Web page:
Does Daily Cannabis Use Contribute to Asthma? New Study Says Yes

NEW YORK — There’s an alarming new health warning for people who consistently use cannabis. A recent study by a team at Columbia University’s Mailman School of Public Health reveals a startling link between frequent cannabis use and the prevalence of asthma, particularly in young adults and adolescents.

“With the growing use of cannabis across the U.S., understanding potential links between cannabis use and asthma is increasingly relevant to population health,” says study corresponding author Dr. Renee Goodwin, in the Department of Epidemiology at Columbia Mailman School of Public Health and Epidemiology at the City University of New York, in a media release. “This relationship is an emerging area and requires thorough collaborative investigation by experts in these fields.”

The findings are based on a review of the 2020 National Survey on Drug Use and Health.

Woman holding loose cannabis on paper
There’s an alarming new health warning for people who consistently use cannabis. (Credit: Photo by Elsa Olofsson on Unsplash

Asthma, which affects nearly eight percent of the U.S. population, is a common chronic respiratory disease, characterized by symptoms like wheezing, shortness of breath, and coughing. It’s caused by the narrowing and inflammation of the airways in the lungs and can be triggered by a variety of factors, including smoke exposure.

For the study, Columbia University researchers analyzed responses from 32,893 individuals in the U.S., ages 12 and older, to understand how cannabis use might relate to asthma. Cannabis here includes not just traditional forms but also blunts, which are cannabis rolled in cigar wrappers – a popular method of consumption.

The findings indicate that current asthma is more prevalent in individuals who reported using cannabis in the past 30 days compared to those who didn’t. Specifically, about 9.8 percent of cannabis users had asthma, as opposed to 7.4 percent of non-users. This difference becomes even more pronounced among heavy users – those smoking cannabis for 20 to 30 days in a month. The likelihood of having asthma was notably higher in this group.

marijuana grow house
Asthma is more prevalent in individuals who reported using cannabis in the past 30 days compared to those who didn’t. (Credit: CRYSTALWEED cannabis on Unsplash)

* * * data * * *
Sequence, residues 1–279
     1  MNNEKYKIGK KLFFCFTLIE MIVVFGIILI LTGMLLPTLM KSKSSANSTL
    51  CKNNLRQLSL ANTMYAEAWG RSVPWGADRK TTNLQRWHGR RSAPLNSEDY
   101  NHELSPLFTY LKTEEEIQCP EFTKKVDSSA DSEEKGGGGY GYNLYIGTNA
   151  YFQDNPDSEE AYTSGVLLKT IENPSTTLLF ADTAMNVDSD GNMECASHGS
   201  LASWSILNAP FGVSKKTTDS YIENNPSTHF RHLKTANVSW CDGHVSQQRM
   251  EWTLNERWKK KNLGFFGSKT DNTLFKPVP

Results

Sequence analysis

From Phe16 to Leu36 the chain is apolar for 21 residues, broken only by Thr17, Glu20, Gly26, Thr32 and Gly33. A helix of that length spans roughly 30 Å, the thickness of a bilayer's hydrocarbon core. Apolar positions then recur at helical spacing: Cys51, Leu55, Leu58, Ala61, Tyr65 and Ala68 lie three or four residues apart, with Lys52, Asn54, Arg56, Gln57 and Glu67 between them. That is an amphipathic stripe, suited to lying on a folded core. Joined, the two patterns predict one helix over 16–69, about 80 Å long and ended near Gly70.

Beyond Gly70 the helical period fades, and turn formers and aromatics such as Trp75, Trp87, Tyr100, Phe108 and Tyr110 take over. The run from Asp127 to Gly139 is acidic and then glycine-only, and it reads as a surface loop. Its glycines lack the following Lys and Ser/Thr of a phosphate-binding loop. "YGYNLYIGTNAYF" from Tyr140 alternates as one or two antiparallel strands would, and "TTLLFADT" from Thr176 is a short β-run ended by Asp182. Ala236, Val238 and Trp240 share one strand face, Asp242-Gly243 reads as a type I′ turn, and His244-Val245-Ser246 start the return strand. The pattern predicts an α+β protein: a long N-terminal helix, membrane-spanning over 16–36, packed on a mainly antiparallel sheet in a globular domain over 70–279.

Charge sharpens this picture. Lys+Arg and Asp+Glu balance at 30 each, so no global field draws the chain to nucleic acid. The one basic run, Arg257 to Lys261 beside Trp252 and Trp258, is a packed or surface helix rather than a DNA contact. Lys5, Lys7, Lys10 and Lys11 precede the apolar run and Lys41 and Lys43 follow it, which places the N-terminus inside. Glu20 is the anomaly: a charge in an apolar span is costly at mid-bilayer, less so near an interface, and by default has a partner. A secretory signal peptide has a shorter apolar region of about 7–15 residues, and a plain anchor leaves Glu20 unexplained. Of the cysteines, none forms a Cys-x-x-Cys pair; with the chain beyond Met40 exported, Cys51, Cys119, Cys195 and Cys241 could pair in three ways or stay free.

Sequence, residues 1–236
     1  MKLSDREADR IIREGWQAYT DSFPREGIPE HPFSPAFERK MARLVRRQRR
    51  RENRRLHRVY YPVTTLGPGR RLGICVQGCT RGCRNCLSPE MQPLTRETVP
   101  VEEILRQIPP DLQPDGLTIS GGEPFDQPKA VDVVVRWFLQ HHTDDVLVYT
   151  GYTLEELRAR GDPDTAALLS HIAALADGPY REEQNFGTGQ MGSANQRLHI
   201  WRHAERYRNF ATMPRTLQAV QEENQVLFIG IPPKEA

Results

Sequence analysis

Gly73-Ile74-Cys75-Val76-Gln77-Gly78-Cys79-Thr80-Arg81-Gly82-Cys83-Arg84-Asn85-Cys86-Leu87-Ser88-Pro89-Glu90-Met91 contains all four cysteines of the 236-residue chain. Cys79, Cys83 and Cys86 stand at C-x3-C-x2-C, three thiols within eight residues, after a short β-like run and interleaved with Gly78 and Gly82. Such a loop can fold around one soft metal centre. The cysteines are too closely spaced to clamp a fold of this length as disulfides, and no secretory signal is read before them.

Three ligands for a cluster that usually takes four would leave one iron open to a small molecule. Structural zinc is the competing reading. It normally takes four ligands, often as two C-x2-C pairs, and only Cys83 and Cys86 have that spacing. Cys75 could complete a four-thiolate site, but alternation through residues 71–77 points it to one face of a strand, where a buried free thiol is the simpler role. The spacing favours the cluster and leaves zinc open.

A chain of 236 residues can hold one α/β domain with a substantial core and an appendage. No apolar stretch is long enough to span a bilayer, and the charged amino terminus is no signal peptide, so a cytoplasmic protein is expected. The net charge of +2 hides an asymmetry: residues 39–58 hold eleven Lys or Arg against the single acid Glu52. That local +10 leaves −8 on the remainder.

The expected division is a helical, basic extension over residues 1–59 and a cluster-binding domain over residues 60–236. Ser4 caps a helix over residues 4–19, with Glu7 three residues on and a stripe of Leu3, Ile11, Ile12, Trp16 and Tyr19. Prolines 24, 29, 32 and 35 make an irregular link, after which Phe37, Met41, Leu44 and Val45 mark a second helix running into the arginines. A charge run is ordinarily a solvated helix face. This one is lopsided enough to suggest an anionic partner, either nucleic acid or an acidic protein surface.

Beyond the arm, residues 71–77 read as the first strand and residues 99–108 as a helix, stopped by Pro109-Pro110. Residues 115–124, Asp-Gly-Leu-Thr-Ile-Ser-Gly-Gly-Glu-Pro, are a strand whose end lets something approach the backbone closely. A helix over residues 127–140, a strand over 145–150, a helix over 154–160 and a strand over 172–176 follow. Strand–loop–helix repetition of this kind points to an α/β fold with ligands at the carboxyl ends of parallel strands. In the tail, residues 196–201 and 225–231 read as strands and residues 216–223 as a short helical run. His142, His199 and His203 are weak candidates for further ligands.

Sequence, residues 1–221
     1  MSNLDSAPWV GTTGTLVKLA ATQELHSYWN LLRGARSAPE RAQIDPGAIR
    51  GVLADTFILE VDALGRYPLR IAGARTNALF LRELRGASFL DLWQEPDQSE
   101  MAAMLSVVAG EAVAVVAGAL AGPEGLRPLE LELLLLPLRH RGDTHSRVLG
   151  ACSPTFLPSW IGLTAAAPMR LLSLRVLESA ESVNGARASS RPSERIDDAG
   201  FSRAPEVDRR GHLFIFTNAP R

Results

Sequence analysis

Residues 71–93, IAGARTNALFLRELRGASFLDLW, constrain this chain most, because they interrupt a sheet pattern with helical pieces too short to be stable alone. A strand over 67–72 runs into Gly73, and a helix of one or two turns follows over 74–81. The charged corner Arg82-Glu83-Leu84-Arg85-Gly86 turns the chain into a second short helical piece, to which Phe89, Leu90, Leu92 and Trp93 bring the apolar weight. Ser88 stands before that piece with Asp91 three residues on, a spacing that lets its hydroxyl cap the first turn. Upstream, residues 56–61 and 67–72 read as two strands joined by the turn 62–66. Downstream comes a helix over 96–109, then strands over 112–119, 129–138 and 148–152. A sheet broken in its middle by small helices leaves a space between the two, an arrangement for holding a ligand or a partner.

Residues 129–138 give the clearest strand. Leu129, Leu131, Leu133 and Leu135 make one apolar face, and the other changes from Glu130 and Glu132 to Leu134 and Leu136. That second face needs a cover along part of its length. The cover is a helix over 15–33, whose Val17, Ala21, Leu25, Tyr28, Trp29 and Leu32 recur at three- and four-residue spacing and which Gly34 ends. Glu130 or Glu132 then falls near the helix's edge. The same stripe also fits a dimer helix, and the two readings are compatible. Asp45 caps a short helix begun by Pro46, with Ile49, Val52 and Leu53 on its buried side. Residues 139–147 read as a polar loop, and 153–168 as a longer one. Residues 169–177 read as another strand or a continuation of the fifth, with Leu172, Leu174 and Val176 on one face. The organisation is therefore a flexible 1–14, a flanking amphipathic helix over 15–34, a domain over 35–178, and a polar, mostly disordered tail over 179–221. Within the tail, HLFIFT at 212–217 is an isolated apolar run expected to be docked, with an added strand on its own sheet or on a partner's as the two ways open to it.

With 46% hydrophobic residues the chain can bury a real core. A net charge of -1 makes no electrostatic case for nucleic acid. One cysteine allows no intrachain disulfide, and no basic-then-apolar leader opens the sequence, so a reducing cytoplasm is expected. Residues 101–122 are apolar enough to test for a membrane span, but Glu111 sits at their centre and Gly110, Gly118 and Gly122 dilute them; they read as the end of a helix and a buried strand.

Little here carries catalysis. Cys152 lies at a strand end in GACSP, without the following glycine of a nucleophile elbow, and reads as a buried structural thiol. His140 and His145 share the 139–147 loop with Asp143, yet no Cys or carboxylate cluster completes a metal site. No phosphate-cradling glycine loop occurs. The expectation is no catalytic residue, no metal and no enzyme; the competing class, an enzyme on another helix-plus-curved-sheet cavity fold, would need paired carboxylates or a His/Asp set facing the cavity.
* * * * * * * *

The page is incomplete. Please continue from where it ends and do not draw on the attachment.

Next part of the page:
“Our findings add a significant layer to the nascent body of research on potential harms associated with cannabis use by being the first to show a link between cannabis use in the community and respiratory health risks; specifically increased asthma prevalence,” notes Dr. Goodwin. “Examining asthma prevalence in both adolescents and adults helps to inform public health initiatives and policies geared towards mitigating its risks, and underscores the importance of understanding the interplay between cannabis use and respiratory health.”

The study suggests a dose-response relationship. Simply put, the more frequent the cannabis use, the higher the chances of having asthma. This is important because, unlike cigarette smoking, whose link to respiratory issues is well-documented and has led to public health efforts to reduce its prevalence, the understanding of cannabis’s impact on respiratory health is still in its early stages.

However, it’s not all straightforward. Cannabis smoking has been linked to short-term bronchodilation – a temporary widening of the airways. Longer-term use appears to have the opposite effect, though, potentially worsening respiratory symptoms and contributing to conditions like asthma.

This study is a crucial step in understanding how lifestyle choices impact health, particularly at a time when cannabis use is becoming more widespread. It underscores the need for further research and, possibly, public health initiatives similar to those against cigarette smoking. The take-home message is clear: while cannabis use is on the rise, its impact on health, especially respiratory health, is a growing concern that needs more attention.

The study is published in the journal Preventative Medicine.

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  1. I have been smoking weed for 62 years. I have no medical problems. I only have pain issues. I rather smoke weed than take opioids.I will be 80 years old 2-24-23.

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